Doctor of Philosophy (Ph.D.)
Eugene R Tracy
The high throughput capabilities of protein mass fingerprints measurements have made mass spectrometry one of the standard tools for proteomic research, such as biomarker discovery. However, the analysis of large raw data sets produced by the time-of-flight (TOF) spectrometers creates a bottleneck in the discovery process. One specific challenge is the preprocessing and identification of mass peaks corresponding to important biological molecules. The accuracy of mass assignment is another limitation when comparing mass fingerprints with databases.;We have developed an automated peak picking algorithm based on a maximum likelihood approach that effectively and efficiently detects peaks in a time-of-flight secondary ion mass spectrum. This approach produces maximum likelihood estimates of peak positions and amplitudes, and simultaneously develops estimates of the uncertainties in each of these quantities. We demonstrate that a Poisson process is involved for time-of-flight secondary ion mass spectrometry (TOF-SIMS) and the algorithm takes the character of the Poisson noise into account.;Though this peak picking algorithm was initially developed for TOF-SIMS spectra, it can be extended to other types of TOF spectra as soon as the correct noise characteristics are considered. We have developed a peak alignment procedure that aligns peaks in different spectra. This is a crucial step for multivariate analysis. Multivariate analysis is often used to distill useful information from complex spectra.;We have designed a TOF-SIMS experiment that consists of various mixtures of three bio-molecules as a model for more complicated biomarker discovery. The peak picking algorithm is applied to the collected spectra. The algorithm detects peaks in the spectra repeatably and accurately. We also show that there are patterns in the spectra of pure biomolecules samples. Furthermore, we show it is possible to infer the concentration ratios in the mixture samples by checking the strength of the patterns.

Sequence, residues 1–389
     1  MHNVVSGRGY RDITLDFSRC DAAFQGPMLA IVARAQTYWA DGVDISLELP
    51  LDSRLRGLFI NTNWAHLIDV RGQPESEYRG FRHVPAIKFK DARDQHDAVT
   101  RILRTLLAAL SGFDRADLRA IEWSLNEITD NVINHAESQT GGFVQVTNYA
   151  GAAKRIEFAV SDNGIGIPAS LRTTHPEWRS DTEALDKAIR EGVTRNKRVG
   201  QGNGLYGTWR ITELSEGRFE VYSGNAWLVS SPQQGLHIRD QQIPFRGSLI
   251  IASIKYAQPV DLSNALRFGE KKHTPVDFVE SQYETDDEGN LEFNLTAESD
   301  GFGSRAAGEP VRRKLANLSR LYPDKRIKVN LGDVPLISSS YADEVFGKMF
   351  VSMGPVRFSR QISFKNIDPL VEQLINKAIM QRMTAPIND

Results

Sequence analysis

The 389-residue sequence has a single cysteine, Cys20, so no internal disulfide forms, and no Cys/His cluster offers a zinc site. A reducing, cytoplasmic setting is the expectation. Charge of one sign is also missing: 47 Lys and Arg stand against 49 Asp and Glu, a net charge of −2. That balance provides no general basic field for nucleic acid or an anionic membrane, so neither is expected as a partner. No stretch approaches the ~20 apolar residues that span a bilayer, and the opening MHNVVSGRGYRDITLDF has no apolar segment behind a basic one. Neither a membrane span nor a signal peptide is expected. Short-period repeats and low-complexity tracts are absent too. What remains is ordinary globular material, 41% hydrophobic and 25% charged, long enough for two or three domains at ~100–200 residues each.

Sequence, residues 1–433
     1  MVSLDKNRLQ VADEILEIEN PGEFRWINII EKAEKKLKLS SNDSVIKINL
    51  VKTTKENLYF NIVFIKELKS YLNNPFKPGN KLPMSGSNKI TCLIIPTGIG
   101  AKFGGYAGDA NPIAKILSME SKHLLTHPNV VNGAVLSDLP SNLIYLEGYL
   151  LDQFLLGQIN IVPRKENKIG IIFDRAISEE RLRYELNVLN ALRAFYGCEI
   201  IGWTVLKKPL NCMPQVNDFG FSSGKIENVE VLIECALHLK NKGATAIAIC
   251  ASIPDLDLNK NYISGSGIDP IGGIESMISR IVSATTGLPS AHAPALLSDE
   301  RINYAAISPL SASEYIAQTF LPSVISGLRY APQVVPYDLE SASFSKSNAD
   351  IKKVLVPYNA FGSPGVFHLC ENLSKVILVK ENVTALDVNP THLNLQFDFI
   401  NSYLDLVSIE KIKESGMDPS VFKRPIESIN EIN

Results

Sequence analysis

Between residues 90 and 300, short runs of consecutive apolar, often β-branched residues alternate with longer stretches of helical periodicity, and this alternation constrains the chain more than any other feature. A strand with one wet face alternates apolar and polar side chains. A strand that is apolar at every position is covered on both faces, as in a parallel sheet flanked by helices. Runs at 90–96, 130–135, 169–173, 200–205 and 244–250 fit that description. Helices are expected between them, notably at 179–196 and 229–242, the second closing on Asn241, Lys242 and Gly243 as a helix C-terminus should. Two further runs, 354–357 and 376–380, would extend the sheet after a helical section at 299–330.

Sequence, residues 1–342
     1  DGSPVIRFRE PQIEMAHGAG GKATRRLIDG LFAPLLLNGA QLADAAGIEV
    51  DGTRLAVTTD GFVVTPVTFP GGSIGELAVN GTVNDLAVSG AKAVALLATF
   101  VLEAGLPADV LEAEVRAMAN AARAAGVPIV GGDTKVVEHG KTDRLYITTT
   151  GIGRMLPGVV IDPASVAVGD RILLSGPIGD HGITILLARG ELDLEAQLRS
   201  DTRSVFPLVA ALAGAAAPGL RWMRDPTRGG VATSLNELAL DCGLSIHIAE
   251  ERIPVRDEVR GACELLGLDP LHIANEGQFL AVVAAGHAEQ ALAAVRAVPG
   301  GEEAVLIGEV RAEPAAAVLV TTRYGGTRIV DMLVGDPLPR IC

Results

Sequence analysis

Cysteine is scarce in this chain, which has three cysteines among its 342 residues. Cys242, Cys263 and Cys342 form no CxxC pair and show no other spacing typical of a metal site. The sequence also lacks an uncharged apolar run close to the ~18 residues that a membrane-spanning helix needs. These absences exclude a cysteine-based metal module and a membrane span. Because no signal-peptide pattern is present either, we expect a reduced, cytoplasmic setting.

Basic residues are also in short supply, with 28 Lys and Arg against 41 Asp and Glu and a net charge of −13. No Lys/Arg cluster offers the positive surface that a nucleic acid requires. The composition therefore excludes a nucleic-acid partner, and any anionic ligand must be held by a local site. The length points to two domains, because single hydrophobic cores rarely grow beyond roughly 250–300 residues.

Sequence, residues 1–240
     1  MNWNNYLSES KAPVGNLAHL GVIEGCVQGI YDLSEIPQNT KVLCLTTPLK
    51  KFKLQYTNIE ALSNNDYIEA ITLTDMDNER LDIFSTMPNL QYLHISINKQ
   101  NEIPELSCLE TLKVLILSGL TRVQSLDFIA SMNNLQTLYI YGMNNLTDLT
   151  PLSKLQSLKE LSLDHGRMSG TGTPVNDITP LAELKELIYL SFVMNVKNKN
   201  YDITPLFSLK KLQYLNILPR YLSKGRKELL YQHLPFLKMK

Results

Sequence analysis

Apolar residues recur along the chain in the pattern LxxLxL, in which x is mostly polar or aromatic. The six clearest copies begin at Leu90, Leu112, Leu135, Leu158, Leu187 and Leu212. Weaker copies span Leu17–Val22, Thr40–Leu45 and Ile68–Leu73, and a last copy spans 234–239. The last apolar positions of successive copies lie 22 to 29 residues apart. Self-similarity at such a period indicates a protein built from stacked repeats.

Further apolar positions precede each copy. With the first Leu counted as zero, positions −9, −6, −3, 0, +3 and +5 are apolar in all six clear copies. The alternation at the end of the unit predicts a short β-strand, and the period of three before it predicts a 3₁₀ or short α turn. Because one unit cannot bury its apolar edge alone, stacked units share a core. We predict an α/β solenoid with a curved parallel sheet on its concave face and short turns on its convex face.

© The Author
Chen, Haijian, "Automated peak identification for time -of -flight mass spectroscopy" (2006). Dissertations, Theses, and Masters Projects. William & Mary. Paper 1539623489.